U.S. safety board wants Boeing to redesign 737 NG part after fatal Southwest accident

By David Shepardson WASHINGTON (Reuters) - The U.S. National Transportation Safety Board on Tuesday called on Boeing Co to redesign the fan cowl structure on all 737 NG planes and retrofit existing planes after an April 2018 incident in which a woman was killed on a Southwest Airlines plane due to an engine failure caused by a broken fan blade. The board said the U.S.

Reuters November 20, 2019 01:06:56 IST
U.S. safety board wants Boeing to redesign 737 NG part after fatal Southwest accident

US safety board wants Boeing to redesign 737 NG part after fatal Southwest accident

By David Shepardson

WASHINGTON (Reuters) - The U.S. National Transportation Safety Board on Tuesday called on Boeing Co to redesign the fan cowl structure on all 737 NG planes and retrofit existing planes after an April 2018 incident in which a woman was killed on a Southwest Airlines plane due to an engine failure caused by a broken fan blade.

The board said the U.S. Federal Aviation Administration should require Boeing to determine the fan blade impact location or locations on the engine fan case and redesign the structure to minimize the potential of a catastrophic failure. The board did not fault Boeing's analysis in the mid-1990s when it developed the plane.

The NTSB had been investigating a 2016 engine failure on another Southwest 737-700 at the time of the fatal incident. The incidents in both flights were what is known as a "fan blade out" (FBO) event.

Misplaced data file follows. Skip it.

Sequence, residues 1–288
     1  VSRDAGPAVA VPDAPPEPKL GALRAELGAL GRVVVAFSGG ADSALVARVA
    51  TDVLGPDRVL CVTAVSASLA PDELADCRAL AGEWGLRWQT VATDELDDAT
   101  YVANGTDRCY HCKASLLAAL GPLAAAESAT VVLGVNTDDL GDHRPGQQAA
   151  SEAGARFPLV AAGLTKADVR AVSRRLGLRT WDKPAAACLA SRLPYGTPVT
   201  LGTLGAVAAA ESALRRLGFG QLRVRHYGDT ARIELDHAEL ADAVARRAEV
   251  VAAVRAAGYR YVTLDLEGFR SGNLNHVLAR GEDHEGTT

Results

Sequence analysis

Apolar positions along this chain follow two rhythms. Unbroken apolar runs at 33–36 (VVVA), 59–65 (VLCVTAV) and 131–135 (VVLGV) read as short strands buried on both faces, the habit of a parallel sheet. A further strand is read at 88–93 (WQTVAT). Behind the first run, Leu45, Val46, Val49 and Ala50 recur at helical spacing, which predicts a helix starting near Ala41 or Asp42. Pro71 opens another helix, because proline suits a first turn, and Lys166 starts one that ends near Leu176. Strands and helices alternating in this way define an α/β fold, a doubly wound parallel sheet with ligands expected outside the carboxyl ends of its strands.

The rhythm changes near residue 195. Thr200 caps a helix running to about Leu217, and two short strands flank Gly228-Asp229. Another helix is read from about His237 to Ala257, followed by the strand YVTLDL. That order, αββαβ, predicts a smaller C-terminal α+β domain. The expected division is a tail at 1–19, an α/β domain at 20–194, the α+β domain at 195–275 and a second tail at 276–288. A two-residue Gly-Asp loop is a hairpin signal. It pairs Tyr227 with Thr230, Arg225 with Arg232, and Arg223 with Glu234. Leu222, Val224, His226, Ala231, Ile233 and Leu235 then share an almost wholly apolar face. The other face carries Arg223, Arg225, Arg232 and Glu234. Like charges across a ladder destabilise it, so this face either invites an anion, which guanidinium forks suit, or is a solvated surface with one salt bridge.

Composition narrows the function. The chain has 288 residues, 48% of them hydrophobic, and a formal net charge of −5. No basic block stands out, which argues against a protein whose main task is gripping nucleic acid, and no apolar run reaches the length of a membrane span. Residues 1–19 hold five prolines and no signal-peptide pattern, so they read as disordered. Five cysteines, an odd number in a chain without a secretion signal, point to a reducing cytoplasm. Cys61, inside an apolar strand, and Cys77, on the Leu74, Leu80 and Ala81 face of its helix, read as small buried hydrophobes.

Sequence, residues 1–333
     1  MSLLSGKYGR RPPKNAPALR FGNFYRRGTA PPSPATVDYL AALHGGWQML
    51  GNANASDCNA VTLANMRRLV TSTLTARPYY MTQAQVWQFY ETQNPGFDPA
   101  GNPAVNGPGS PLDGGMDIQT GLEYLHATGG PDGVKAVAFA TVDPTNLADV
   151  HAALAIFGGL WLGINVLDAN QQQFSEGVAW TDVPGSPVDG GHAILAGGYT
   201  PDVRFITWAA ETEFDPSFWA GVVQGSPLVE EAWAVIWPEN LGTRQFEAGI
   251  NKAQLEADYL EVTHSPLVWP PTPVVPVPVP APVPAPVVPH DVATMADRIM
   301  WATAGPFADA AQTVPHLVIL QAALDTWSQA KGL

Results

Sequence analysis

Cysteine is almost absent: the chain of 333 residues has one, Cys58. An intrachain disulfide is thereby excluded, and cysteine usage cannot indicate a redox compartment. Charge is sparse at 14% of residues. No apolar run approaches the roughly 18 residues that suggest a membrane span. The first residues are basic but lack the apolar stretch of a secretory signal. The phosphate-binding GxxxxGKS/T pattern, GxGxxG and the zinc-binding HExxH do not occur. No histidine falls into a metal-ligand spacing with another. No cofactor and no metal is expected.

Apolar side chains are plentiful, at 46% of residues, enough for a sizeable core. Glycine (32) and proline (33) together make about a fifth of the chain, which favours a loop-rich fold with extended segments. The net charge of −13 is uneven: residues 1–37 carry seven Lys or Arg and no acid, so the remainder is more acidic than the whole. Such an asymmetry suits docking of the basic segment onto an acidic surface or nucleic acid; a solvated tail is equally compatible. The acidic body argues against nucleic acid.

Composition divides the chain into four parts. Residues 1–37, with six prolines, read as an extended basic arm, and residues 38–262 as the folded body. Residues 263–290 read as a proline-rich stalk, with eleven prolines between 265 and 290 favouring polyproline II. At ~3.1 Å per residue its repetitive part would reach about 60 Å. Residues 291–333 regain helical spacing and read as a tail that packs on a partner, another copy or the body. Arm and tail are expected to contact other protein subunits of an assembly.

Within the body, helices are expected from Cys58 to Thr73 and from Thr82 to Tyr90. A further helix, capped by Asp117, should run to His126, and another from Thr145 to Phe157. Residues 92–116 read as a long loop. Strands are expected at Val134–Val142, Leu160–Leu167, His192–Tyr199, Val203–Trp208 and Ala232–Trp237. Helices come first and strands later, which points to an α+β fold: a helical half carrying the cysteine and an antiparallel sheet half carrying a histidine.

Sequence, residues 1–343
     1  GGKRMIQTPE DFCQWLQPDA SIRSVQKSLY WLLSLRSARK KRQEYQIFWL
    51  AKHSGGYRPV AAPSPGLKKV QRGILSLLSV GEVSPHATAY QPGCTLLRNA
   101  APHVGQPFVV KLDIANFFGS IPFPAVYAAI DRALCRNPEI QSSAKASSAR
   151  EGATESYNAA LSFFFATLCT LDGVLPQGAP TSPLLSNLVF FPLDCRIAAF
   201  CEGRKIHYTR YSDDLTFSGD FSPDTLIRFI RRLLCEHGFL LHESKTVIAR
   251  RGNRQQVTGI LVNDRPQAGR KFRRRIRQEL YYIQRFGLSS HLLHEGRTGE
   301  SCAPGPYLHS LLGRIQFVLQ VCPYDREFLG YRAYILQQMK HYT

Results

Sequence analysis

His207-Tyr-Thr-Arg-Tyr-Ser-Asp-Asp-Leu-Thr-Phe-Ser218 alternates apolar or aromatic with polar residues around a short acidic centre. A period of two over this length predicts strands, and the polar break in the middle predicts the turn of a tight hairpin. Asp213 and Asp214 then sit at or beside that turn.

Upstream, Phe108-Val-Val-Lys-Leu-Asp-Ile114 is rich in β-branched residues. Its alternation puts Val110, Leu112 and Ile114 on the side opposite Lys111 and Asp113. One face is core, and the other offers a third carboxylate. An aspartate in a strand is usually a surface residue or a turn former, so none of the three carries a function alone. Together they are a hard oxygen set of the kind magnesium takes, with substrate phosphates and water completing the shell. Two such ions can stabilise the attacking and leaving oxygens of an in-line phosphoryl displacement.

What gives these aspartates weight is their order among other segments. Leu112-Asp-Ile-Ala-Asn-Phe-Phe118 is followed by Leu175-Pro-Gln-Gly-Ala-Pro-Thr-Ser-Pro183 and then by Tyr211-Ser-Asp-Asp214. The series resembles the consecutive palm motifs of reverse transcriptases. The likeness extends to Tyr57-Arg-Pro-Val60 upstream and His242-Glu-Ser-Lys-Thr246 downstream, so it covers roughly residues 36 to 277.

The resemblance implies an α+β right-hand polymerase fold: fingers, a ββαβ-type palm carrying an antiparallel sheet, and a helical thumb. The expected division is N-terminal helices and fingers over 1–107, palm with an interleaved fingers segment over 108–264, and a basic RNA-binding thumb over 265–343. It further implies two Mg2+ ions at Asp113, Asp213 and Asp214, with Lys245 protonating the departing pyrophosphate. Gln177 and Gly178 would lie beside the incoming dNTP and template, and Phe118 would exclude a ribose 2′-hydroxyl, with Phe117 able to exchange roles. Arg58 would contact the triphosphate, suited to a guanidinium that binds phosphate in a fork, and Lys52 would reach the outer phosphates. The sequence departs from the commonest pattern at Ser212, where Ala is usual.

Boeing said Tuesday it will work to implement improvements that address the NTSB’s safety recommendations, including improvements in "the inlet and fan cowl designs to enhance their ability to withstand an engine fan blade out event."

The FAA did not immediately comment.

NTSB Chairman Robert Sumwalt acknowledged the retrofit could be expensive.

"This accident underlines the vulnerability of the fan case to become separated when the fan blade detaches at a location that was not anticipated," Sumwalt said after the hearing.

The NTSB did not call for the planes to be grounded and noted that airlines are now inspecting the fan blades on a more regular basis.

Southwest spokesman Chris Mainz said the airline would review the NTSB’s recommendations and work "with the manufacturers to prevent this type of event from ever happening again."

Jennifer Riordan of New Mexico, a 43-year-old Wells Fargo vice president and mother of two, was killed after the engine exploded and shattered a plane window on Flight 1380. She was the first person killed in a U.S. passenger airline accident since 2009.

The accident occurred 20 minutes into the flight when a fan blade fractured as a result of a fatigue crack on a Boeing 737-700 jet powered by two CFM International CFM56-7B engines after taking off from New York's LaGuardia Airport. The plane, bound for Dallas, diverted to Philadelphia International Airport. Eight of the 144 passengers suffered minor injuries.

The board noted that there are 14,600 CFM56-7B engines in service with 356,000 fan blades on the Boeing planes, with 400 million flights over more than two decades and two reported engine failures.